BY RYAN COBB Sports writer

Hard work and persistence can lead to great things for an athlete as so long as they continue to strive to get better each day.

That mindset has worked wonders for Rome Free Academy softball pitcher Halie Schoff.

Ever since she was able to pick up a bat and a ball, to her days in Little League, the senior hurler Schoff has worked diligently to improve her craft by hitting the gym every day and going to several pitching clinics on her own accord. Because of that determination, it has led to her becoming the RFA softball team’s No. 2 starter in the rotation.

"She has an unbelievable work ethic and always does the extra stuff like running, hitting the weight room, pitching on weekends," said RFA coach Jerry Tabolt. "She started as a thrower and has become a pitcher. She’s worked on her location and it’s showing a lot. She had her own pitching people she was going to but it has helped."

With the game of softball running through her veins since the age of 3, Schoff began learning how to throw on the mound since she was 9 years old and has learned to toss an arsenal of pitches, including a screwball, changeup, dropball, drop curve, and her favorite, a regular curveball to the team’s catcher Kaysie Gregory.

"Kaysie and I really like the changeup, but my personal favorite would have to be the curve," Schoff said. "Just the way it moves. It’s kind of a natural pitch for me, like skipping a rock. That’s how it comes off."

Since making the varsity team as a sophomore, Schoff has gotten out 94 batters out on strikes through 120 innings while carrying a career earned run average of 3.20 and an 11-10 overall mark up until Tuesday.

This season, she sports a 4-5 record, giving up 29 runs on 41 hits through 62 innings with 67 strikeouts. Before her start in RFA’s 3-2 loss to Syracuse East on Tuesday, her ERA sat at 1.72.

Schoff said having to transition into the next level wasn’t that much difficult for her.

"When you come up as a 10th grader and you’re playing with these huge girls, who are seniors, it’s really intimidating at first and then I felt like it was so good for me," she said.

"I’ve always played with older girls and most people would think it’s a scary thing, but it was a natural step for me."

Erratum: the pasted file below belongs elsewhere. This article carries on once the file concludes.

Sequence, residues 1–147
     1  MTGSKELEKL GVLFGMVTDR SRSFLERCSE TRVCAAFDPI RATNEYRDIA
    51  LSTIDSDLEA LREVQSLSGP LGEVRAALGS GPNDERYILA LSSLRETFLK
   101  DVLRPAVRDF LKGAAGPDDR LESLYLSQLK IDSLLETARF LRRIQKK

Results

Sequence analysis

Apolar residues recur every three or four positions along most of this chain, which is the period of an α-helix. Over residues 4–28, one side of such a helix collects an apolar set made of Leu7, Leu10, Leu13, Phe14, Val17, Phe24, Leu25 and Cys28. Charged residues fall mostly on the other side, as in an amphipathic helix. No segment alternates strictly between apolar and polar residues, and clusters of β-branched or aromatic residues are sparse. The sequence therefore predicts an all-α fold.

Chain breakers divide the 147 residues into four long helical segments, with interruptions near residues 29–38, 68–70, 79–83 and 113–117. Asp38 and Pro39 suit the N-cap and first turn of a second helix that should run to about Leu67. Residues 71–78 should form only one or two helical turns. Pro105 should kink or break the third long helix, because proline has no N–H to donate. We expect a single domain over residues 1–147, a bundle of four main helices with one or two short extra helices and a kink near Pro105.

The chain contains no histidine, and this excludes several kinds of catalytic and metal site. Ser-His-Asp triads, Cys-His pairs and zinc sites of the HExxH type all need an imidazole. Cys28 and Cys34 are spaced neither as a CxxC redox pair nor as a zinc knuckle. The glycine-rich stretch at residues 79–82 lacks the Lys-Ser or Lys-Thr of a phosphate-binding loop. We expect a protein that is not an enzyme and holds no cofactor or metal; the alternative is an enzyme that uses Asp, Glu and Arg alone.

After three years of being on varsity and striving to get the best out of her abilities, all of her hard work paid off on April 17 when she flirted with perfection.

During RFA’s 5-0 victory over Central Square, Schoff was pitching a perfect game up until the top of the seventh inning with one out. Perfection though would not come on that day for her as she gave up a clean single from Central Square’s second batter through the infield between third base and the shortstop.

"She had command on every pitch and they weren’t even close to hitting the ball, but it was a clean base hit," said Tabolt. "I knew what was going on. When a pitcher has a perfect game or a no-hitter going, you don’t say anything to them. Knowing Halie and how smart she is, I think she knew what was going on and she deserved one."

Schoff said getting a perfect game is a goal that she hopes to achieve someday.

"That would’ve been a cherry on top," she said. "The first few innings when the scorekeeper would tell me how many strikeouts I would have, I didn’t want to tell myself that I had a perfect game going. You don’t want to keep telling yourself that because it gets inside your head. You have to keep throwing how you can."

Her hard work has also been an inspiration to her teammates as they elected her as a team captain for the season. Schoff felt the reason for that was her willingness to help them out as much as she can.

"I’m always so willing to stay after (practice) and take a few extra ground balls with the girls," she said. "We’re not only a team, we’re a family and family is like a very big important part of the game. We got to have chemistry and connection. I feel like I’ve definitely contributed to put that together."

After graduation, Schoff will attend St. John Fisher in the fall and will major in pharmacy. She will also look to attend try-outs for the college’s softball team and try to prove to head coach Len Maiorani that she belongs and can contribute.

Tabolt said when the season ends, the program will certainly miss her.

"What she does off the field, I hope some of our younger kids looked at her and see what she has done to get where she needs to be," he said. "She’s a gym rat, a role model and we’re going to miss her being with us."

Schoff already feels the varsity team, which has a record of 7-12 this season, is improving and will continue to do so as long as the passion of the game stays strong.

"That’s the biggest thing. Keeping girls active in the offseason and them wanting to be at practice," she said.

"If we let things get in our head that makes us fall apart, but we have a talented group of girls her now. It’s just that it’s all in our heads when we do fall apart. I think if we do get rid of it, we can really make a stand in sectionals and make some noise in the Syracuse area."